Removing Historic Statues Is Ignorant

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Dear Editor:

Removal of historic statues displays an ignorance of history and lack of art appreciation. History and art have been distorted by the self-righteous who wish to bring down the great to their level of mediocrity. Both Grant and Lee were great and honorable military leaders.

Briefly, the North wanted tariffs to protect their manufacturing. The South depended on trade with Britain and didn’t want tariffs. Lincoln made the war about slavery when he had difficulty recruiting soldiers. Eventually U.S. slavery would have been abolished without a war.

Slavery existed in the New World before Europeans arrived. The Indians practiced it. It has existed everywhere and still exists. We are ALL descendants of slaves. Are we more concerned with past injustices than present ones?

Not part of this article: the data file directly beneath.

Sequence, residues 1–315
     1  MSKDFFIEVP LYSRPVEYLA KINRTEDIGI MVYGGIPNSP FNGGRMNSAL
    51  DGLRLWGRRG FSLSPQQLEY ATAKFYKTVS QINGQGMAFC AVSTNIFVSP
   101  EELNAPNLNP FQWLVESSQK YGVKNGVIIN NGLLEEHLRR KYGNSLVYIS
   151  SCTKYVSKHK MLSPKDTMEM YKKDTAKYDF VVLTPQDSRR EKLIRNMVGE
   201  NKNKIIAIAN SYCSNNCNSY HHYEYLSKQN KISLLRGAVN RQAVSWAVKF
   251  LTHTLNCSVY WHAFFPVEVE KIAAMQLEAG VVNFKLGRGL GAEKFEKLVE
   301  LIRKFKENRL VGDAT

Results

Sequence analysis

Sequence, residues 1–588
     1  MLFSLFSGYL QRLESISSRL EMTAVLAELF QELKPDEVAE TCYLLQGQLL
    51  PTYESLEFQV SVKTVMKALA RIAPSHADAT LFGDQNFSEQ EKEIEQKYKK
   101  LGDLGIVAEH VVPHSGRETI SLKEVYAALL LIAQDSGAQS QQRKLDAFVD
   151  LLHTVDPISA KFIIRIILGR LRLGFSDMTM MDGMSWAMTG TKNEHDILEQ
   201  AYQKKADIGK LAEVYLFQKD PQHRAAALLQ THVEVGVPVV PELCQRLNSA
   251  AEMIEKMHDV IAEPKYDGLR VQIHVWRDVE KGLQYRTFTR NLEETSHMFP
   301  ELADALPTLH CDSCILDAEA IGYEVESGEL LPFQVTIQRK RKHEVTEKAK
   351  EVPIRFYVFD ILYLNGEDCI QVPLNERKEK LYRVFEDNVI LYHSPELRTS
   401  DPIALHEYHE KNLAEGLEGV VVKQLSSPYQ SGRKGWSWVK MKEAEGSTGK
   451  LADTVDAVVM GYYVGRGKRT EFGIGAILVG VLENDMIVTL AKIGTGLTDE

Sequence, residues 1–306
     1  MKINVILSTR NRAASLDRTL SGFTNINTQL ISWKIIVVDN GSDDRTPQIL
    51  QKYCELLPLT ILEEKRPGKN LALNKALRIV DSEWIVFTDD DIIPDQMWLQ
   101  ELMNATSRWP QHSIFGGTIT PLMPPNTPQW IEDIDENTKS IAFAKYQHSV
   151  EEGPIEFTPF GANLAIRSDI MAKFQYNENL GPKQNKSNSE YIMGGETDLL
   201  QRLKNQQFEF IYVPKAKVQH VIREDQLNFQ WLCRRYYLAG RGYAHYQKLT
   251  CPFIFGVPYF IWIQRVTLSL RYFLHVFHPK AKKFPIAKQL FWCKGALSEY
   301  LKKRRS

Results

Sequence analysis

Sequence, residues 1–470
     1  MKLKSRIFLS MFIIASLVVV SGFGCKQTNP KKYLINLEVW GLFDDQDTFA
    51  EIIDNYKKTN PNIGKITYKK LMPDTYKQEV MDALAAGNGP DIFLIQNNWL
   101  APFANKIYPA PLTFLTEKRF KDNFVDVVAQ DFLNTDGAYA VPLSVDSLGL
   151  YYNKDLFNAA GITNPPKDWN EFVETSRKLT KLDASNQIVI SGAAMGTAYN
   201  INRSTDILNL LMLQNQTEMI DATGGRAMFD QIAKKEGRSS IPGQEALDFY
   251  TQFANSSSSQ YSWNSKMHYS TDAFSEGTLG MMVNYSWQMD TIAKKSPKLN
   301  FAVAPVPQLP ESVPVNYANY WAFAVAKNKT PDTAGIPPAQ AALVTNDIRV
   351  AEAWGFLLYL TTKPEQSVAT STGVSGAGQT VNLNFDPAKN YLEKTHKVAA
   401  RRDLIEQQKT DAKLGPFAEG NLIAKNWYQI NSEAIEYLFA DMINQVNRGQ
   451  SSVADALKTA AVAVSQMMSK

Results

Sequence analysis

In the past, people felt as much fealty to their states as to their nation. General Lee’s father, a Revolutionary War hero and governor of Virginia, lost everything and spent a year in debtors prison. Lee didn’t own slaves and spoke against slavery. He married Martha Washington’s granddaughter, who inherited slaves. Those slaves could not legally be freed without skills to support themselves.

Young, usually poor, soldiers weren’t fighting to preserve a ruling class and slavery. Many wanted adventure, a chance to prove their manliness and defend their state. If one believes this tragic, why object to a statue memorializing this tragedy?

A road down here is named after a man who freed his slaves in the early 1800s and left them land. How many have heard of A.S. West?

The first Black slave was owned by a Black man here on the Eastern Shore. (Editor’s note: A Black man brought the first court case in the Colonies in which the court said that a person who had not committed a crime could be kept in servitude for life.) How many find history itself offensive?

Probably any statue is going to offend someone. Deer statues offend me. Deer destroy crops and cause accidents. The saying goes, if someone’s speech offends you, don’t try to outlaw it, add your own. I don’t see many statues honoring women, but that doesn’t offend me because every man on a horse had a mother.

Beverly R. Lynch, Painter

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